Staff fumed over use of private email
WikiLeaks trove a vulnerability to Clinton
WASHINGTON — The latest batch of hacked emails from Hillary Clinton’s campaign highlights her staff’s shock and anger after news broke that she used a private email server as secretary of state.
The emails were among those released Thursday by WikiLeaks. The group has been releasing thousands of stolen emails from Clinton’s campaign chairman, John Podesta.
In one email, Neera Tanden, now a member of Clin- ton’s transition team and a longtime confidante of Podesta, lashed out: “Do we actually know who told Hillary she could use a private email? And has that person been drawn and quartered?”
In another, Podesta asks campaign manager Robby Mook if he had “any idea of the depth of this story.” Mook replied: “Nope.” He said that email issue had been raised before, but they “were told that everything was taken care of.”
Top State Department officials have said no one in the agency provided such permission and they did not become aware until as late as 2014 that she had used a private server to conduct all her government business.
In addition to the controversy over Hillary Clinton’s use of a home brew email server while she was secretary of state, the Clinton Foundation has been one of the biggest vulnerabilities in her campaign for the White House. Clinton calendars and emails released by the State Department showed ongoing coordination among her top aides and Bill Clinton’s top aides at the foundation and his private office.
Her critics have accused her of providing favors to foundation donors, though there has been noevidence of this
2011 confidential memo included in the hacked emails that was written by a longtime Bill Clinton aide during Hillary Clinton’s State Department tenure de- scribes overlap between the former president’s business ventures and fundraising for the family’s charities. The former aide also described free travel and vacations arranged for the Clintons by corporations, reinforcing ethics concerns about Hillary Clinton.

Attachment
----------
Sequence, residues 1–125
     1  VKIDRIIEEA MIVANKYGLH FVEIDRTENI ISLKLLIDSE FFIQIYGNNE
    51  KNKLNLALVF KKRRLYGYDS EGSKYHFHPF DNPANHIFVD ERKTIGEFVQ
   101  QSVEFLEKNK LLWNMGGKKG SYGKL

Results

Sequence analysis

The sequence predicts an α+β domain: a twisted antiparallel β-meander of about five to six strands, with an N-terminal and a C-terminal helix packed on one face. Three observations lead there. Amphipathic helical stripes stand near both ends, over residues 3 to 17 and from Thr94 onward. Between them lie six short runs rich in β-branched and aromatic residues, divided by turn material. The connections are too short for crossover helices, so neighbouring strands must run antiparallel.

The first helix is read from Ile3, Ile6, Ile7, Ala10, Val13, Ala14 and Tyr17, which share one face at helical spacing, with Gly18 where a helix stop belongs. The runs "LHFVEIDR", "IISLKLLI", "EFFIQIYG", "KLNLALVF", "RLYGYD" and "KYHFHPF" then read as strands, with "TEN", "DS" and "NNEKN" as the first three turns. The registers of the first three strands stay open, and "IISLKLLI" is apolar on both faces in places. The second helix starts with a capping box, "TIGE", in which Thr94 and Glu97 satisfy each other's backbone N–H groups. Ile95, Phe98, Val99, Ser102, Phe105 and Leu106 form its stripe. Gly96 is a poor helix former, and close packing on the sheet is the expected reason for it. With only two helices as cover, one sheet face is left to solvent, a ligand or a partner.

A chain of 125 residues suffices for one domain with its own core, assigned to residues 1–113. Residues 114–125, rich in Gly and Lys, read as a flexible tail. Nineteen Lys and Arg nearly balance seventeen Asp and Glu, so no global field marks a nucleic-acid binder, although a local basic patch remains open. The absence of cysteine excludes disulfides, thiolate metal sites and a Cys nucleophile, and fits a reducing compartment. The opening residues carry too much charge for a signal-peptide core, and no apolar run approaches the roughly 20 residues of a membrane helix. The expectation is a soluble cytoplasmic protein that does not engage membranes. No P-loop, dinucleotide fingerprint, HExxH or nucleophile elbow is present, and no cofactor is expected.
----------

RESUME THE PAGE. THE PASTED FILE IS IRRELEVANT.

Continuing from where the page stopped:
The 13-page memo, by Doug Band, described the former president’s management of “Bill Clinton Inc.,” laid out the “unorthodox nature” of how he and other aides navigated between Bill Clinton’s dual interests in seeking out speaking and consulting ventures around the world while he raised funds for the Clinton Foundation.
Band wrote the memo to lawyers hired by the Clinton Foundation to audit the organization’s structure and operations. It did not specifically cite ethics concerns, and in a new statement Thursday, Band said that his firm, Teneo, “never received any financial benefit or benefit of any kind” for its work for the Clinton Foundation.
Hillary Clinton met with or spoke to representatives of at least 15 companies and organizations that paid her husband for speaking engagements during her tenure as secretary of state, according to a review of her planning schedules from the State Department.
Band’s memo described how he and Justin Cooper, another longtime Bill Clinton aide, helped the former president and his family obtain gifts of “personal travel, hospitality, vacation” and air travel arrangements. Financial records Hillary Clinton filed between 2009 and 2013 listed speeches and limited business income that Bill Clinton earned during her government service but did not list any travel, vacation or other gifts that Band cited in his memo.
Under federal disclosure rules overseen by the U.S. Office of Government Ethics, federal officials and office seekers are not required to list gifts provided to a spouse if the gifts are “independent of their relationship to you.”
Norman Eisen, a Democrat whooversaw ethics matters for the Obama administration and in 2011 was also appointed ambassador to the Czech Republic under Hillary Clinton, said the rules did not require Hillary Clinton to divulge any gifts provided to Bill Clinton by his business clients. .
“There’s no thereAthere,” Eisen said, adding that he was disturbed that “ethics become weaponized in the course of an election campaign.”